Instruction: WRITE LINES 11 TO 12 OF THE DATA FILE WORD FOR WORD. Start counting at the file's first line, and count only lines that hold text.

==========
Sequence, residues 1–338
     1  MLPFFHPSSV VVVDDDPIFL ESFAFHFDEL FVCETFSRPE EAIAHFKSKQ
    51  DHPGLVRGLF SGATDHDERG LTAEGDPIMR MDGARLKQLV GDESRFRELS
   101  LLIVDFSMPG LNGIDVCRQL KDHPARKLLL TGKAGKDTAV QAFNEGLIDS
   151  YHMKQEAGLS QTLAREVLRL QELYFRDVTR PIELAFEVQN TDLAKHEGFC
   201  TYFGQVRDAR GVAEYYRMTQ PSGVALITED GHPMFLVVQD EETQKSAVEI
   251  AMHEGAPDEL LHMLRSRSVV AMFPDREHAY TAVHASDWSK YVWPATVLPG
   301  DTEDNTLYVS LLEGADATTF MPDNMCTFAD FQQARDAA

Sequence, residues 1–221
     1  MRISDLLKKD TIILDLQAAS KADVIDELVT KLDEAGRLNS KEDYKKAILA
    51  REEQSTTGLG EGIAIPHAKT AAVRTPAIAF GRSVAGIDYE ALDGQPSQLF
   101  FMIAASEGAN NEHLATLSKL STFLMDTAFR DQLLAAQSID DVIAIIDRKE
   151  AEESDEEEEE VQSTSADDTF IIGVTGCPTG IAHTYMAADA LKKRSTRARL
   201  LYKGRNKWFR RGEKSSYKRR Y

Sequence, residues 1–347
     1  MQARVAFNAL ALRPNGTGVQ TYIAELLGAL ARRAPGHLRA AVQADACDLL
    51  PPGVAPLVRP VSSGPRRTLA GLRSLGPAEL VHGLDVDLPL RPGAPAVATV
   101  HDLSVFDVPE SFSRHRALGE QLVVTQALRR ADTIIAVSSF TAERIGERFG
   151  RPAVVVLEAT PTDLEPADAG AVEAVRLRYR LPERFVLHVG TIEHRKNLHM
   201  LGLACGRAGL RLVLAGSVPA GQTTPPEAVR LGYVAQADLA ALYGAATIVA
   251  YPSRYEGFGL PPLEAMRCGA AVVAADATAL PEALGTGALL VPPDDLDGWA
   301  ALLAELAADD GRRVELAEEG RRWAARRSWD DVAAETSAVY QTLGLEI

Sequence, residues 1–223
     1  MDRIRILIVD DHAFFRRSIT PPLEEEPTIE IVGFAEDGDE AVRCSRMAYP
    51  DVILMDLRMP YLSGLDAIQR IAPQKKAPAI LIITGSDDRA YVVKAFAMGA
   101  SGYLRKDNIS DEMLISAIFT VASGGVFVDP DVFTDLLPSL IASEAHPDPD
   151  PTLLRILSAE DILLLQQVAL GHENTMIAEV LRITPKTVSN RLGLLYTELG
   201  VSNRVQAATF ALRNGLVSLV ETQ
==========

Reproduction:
    51  REEQSTTGLG EGIAIPHAKT AAVRTPAIAF GRSVAGIDYE ALDGQPSQLF
   101  FMIAASEGAN NEHLATLSKL STFLMDTAFR DQLLAAQSID DVIAIIDRKE